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Bowl Journal

   by Larry Ness - 12/23/2009

They are called minor bowls for a reason. The bowl schedule now features 34 games which means 64 schools are participating. With that many bowl openings, there almost has to be, by very definition, room for some schools which would qualify for the "cash for clunkers" program.

Wyoming was surely one of those schools but the 6-6 Cowboys, who had four wins by three points or fewer and hadn't stayed within single digits of any of the five bowl foes it met during the regular season, beat an 8-4 Fresno State team 35-28 in double OT. The New Mexico Bowl was the first of four bowl games to be completed in the 2009-10 season and so far, underdogs have gone 3-1 SU and ATS.

The New Mexico Bowl has been the lowest-scoring of the four bowl games to-date, as Rutgers beat Central Florida 45-24 in the St Petersburg Bowl 45-24, Middle Tennessee St beat Southern Miss 42-32 in the New Orleans Bowl and then BYU beat Oregon State 44-20 in the Las Vegas Bowl. That's four 'overs' in a row with games averaging 67.5 points per contest and surpassing the total on average, by 12.8 PPG.

One must admire the job done by Rutgers' Greg Schiano. On November 6, 1869 at 3 o'clock in the afternoon, Rutgers beat Princeton 6-4. It was the first-ever intercollegiate game. Rutgers would wait until the 1978 season before its first-ever bowl appearance and then would not make a second one until 2005, in Greg Sciano's fifth season. This year's St Petersburg Bowl appearance by the Scarlet Knights made it five straight bowl trips for a school which previously made just one bowl appearance from 1869 through 2004 and Saturday's win was the Scarlet Knights' fourth straight win.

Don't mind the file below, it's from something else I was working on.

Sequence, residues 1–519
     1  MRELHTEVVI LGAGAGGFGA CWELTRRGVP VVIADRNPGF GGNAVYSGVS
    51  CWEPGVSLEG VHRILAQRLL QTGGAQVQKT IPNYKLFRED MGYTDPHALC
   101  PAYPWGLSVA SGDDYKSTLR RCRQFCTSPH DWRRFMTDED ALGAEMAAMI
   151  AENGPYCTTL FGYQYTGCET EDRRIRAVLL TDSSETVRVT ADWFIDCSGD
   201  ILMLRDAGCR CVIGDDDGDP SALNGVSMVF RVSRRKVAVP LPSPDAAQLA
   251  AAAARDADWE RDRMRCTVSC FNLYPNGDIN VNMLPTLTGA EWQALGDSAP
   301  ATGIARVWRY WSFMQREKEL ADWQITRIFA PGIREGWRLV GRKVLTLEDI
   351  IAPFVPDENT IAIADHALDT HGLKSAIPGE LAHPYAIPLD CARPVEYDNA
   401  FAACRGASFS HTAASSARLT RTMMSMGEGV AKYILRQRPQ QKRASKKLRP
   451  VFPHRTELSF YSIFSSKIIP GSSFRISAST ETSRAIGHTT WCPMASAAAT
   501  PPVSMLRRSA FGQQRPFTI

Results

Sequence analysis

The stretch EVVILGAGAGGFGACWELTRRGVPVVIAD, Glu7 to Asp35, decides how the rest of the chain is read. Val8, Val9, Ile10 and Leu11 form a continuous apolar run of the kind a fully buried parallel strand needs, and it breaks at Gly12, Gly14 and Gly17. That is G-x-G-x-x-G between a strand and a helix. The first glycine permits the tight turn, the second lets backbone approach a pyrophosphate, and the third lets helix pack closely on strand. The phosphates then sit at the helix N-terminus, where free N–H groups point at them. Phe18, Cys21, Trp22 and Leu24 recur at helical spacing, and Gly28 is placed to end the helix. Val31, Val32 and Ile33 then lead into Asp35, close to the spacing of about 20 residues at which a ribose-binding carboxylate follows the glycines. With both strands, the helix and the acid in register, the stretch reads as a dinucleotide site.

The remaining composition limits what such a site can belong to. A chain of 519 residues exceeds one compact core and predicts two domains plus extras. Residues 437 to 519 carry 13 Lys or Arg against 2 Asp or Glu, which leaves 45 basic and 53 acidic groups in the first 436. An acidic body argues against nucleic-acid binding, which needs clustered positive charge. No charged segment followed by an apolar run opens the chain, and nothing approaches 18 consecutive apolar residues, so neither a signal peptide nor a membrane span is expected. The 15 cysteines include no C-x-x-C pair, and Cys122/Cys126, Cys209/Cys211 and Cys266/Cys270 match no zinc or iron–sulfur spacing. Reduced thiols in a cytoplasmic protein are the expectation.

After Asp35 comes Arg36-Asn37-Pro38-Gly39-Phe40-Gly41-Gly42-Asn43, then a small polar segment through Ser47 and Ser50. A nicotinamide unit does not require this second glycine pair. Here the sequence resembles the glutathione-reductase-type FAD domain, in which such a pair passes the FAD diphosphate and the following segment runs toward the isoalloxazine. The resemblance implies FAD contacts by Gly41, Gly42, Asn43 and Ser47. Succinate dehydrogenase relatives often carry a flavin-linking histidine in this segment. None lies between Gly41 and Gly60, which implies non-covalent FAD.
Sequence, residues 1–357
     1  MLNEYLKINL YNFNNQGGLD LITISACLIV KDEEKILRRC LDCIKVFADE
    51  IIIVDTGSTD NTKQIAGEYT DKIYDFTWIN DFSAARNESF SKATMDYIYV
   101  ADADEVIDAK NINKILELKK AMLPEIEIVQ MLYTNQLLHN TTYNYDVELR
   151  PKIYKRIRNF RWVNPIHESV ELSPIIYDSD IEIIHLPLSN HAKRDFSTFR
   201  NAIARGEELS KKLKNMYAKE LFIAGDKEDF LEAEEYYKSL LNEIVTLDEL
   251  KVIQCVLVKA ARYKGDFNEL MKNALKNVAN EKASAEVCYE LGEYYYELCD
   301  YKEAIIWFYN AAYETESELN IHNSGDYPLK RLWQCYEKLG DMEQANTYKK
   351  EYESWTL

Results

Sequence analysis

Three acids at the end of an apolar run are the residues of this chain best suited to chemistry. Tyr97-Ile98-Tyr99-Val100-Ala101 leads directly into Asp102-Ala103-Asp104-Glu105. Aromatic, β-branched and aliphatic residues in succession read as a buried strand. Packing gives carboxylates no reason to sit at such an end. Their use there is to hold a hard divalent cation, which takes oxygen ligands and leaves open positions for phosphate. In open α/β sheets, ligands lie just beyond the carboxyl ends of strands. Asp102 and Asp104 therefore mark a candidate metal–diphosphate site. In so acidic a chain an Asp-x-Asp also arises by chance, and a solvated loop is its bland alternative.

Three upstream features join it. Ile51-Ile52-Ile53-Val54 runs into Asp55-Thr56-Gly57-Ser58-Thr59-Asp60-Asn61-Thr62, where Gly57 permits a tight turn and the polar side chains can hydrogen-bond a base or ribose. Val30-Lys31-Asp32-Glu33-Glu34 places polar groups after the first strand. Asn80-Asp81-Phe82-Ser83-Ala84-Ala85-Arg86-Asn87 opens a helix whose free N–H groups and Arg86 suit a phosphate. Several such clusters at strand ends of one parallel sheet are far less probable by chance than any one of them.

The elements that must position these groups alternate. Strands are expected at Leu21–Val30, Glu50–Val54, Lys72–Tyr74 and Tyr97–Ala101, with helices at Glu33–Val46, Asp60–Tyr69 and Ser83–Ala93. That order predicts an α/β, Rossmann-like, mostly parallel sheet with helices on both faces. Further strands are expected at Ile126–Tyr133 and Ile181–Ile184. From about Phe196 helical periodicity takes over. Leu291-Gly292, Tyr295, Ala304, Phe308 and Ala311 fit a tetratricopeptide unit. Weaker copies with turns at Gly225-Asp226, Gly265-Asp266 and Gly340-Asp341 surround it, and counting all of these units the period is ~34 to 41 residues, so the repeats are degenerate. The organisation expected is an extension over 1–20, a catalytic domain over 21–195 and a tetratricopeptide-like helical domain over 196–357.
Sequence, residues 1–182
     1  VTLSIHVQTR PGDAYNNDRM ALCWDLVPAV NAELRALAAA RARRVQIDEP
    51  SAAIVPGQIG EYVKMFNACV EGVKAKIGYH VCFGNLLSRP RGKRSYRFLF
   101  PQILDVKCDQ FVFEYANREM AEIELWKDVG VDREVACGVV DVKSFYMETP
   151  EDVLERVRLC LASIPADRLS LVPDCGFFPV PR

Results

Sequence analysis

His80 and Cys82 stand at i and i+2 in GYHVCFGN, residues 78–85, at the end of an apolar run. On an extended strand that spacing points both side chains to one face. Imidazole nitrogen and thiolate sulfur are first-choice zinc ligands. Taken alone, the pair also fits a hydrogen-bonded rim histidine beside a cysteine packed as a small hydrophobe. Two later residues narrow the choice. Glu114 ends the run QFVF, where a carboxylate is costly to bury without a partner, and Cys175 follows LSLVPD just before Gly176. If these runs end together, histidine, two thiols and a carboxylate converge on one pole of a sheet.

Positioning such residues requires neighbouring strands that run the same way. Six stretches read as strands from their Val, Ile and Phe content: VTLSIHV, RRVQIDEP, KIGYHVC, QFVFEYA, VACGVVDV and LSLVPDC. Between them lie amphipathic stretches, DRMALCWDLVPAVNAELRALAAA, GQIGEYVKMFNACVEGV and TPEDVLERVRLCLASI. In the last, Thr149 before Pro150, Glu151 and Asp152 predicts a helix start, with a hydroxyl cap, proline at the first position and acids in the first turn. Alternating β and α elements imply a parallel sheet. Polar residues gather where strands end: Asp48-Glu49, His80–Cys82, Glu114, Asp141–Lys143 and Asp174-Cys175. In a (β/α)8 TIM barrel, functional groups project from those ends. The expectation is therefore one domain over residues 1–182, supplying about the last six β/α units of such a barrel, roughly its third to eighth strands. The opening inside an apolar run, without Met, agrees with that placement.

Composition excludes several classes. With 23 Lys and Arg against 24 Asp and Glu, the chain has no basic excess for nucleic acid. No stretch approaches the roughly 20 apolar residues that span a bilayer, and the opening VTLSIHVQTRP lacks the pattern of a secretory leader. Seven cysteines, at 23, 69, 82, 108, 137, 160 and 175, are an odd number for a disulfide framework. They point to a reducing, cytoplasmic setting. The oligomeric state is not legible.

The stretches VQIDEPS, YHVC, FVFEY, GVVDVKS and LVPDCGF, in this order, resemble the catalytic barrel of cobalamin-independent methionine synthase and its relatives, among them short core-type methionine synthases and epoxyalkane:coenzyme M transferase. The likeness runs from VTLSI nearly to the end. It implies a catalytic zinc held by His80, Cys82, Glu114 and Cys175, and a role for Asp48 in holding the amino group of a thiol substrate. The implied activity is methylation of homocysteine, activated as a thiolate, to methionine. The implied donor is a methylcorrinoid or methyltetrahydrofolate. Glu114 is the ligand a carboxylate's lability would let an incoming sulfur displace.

Southern Miss is not known as a football power but the team has posted a winning season in each of the last 16 years. This year's New Orleans Bowl appearance made it 12 bowl games in the last 13 years (mostly under Jeff Bower, who is now coaching the New Orleans Hornets, how about that for a transition?), including seven wins in its previous 11 bowl games. Sunday's New Orleans Bowl was the Golden Eagles' fourth visit in the last six years with the school going 3-0 SU and 2-1 ATS in the previous three.

Southern Miss opened a 14-0 lead but MTSU would come back to win 42-32, giving the Blue Raiders the school's first bowl win in school history. MTSU just moved to FBS in 1999 with only one previous bowl appearance to its credit, a 31-14 loss to Central Michigan in the 2006 Motor City Bowl.

QB Dwight Dasher of MTSU completed 15 of 25 passes for 162 yards (2 TDs / 0 INTs) and ran 26 times for 201 yards, adding another two TDs. Dasher broke the QB bowl rushing record of 200 yards set by Texas' Vince Young in the 2005 national championship game when the Longhorns beat the Trojans 41-38 at the Rose Bowl in January of 2006 (that's pretty good company!).